Processors

10 things you should know about UEFI

If you're a bit fuzzy on what UEFI is all about -- and how it will significantly change modern PC functionality -- these quick facts will get you up to speed.

You may have heard about unified extensible firmware interface (UEFI) but been unsure what it means. I usually hear it in reference to some "secret sauce" Macintoshes use "to keep Windows from being loaded on them" or perhaps, "to keep regular PCs from loading OS X." While it is true that Macs use UEFI, there is a lot more to the story than that. Here are 10 things you should know about UEFI.

1: UEFI is the replacement for BIOS

The BIOS (basic input/output system) has been at the heart of the PC design for well over 30 years now. It is the piece of firmware that provides the operating system with a standard interface to the functionality of the computer. Unfortunately, its design is quite outdated, carrying a number of limitations that are not acceptable in the current age of computing. UEFI is the replacement for BIOS, and it brings with it a host of modern functionality to carry PCs through the next few decades.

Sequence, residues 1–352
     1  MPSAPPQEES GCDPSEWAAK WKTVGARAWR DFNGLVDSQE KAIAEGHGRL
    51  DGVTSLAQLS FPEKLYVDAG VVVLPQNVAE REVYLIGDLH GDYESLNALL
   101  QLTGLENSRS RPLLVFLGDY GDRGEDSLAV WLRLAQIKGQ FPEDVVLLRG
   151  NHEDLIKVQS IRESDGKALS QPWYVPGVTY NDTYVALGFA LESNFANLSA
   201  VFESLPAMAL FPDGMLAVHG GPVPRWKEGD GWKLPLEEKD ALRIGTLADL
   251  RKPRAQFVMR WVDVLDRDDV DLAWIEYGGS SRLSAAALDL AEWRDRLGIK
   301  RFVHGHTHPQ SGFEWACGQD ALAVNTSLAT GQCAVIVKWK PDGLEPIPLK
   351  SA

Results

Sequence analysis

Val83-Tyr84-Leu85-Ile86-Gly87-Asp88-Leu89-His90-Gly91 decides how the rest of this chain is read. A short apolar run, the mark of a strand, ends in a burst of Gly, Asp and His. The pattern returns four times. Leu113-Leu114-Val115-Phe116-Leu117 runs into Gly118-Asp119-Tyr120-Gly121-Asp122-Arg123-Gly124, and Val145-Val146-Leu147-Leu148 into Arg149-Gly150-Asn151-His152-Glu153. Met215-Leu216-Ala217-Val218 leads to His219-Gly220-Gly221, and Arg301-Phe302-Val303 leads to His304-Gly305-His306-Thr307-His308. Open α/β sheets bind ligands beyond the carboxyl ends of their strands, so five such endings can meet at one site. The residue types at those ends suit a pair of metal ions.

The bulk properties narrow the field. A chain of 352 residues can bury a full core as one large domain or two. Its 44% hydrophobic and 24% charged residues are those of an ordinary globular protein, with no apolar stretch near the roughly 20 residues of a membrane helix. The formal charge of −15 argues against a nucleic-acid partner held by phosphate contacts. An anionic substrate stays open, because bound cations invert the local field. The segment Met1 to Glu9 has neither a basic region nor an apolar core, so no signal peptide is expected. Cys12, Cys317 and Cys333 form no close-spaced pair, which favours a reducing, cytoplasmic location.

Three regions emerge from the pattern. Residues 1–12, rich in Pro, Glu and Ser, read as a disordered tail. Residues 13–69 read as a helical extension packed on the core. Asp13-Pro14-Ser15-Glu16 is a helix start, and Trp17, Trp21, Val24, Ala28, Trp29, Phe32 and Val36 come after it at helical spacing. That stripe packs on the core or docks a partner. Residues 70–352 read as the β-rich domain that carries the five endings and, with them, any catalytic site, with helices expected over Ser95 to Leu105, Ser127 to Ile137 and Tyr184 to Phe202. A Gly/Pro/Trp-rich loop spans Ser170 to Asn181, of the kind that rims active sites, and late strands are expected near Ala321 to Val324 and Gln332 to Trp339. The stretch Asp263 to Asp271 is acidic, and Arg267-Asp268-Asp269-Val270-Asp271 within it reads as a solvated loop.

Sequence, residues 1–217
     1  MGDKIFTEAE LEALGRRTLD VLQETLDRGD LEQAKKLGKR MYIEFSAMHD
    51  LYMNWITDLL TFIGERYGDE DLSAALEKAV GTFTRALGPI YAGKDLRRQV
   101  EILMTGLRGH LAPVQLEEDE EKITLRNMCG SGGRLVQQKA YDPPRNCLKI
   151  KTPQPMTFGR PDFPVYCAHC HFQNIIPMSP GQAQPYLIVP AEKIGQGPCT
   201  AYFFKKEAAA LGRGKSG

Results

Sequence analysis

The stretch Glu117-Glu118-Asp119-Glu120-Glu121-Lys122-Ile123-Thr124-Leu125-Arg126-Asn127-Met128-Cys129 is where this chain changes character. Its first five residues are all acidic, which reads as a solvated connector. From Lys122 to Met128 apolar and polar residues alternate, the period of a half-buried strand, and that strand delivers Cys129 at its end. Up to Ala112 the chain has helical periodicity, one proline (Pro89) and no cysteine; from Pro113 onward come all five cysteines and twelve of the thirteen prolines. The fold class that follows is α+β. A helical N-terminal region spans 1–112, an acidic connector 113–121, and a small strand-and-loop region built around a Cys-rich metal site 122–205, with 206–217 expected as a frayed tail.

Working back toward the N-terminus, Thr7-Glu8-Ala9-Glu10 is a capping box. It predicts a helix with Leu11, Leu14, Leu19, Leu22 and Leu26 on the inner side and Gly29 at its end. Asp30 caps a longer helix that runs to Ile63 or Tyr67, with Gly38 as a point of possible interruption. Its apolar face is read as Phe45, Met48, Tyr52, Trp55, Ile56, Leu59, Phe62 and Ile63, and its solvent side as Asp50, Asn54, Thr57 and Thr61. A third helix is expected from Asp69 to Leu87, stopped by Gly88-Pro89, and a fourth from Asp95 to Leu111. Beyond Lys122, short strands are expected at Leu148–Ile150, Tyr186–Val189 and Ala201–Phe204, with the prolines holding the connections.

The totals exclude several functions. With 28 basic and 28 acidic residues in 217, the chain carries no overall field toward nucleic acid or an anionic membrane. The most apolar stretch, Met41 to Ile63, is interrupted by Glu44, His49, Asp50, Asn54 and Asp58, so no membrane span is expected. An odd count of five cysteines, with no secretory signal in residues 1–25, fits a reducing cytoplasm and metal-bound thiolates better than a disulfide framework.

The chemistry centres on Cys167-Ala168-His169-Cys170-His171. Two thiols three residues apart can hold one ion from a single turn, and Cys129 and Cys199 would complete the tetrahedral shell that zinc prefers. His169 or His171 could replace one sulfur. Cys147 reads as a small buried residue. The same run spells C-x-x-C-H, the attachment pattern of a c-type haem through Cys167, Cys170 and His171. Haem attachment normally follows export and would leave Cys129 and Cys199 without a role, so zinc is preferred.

2: It enables better disk support

UEFI finally breaks free of the old DOS-style master boot record (MBR) disks, taking us into the GUID partition table (GPT) future. While not all operating systems support booting from GPT disks (notably, 32-bit versions of Windows), GPT support at the firmware layer will allow disks of enormous size to be used, even for booting the operating system.

3: Apple already uses it

Haven't heard of UEFI much? That's because while it is already in use, the most mainstream system out there using it is Apple, which isn't terribly friendly to tinkerers. It has also been used in Itanium systems for some time, as well as many embedded systems.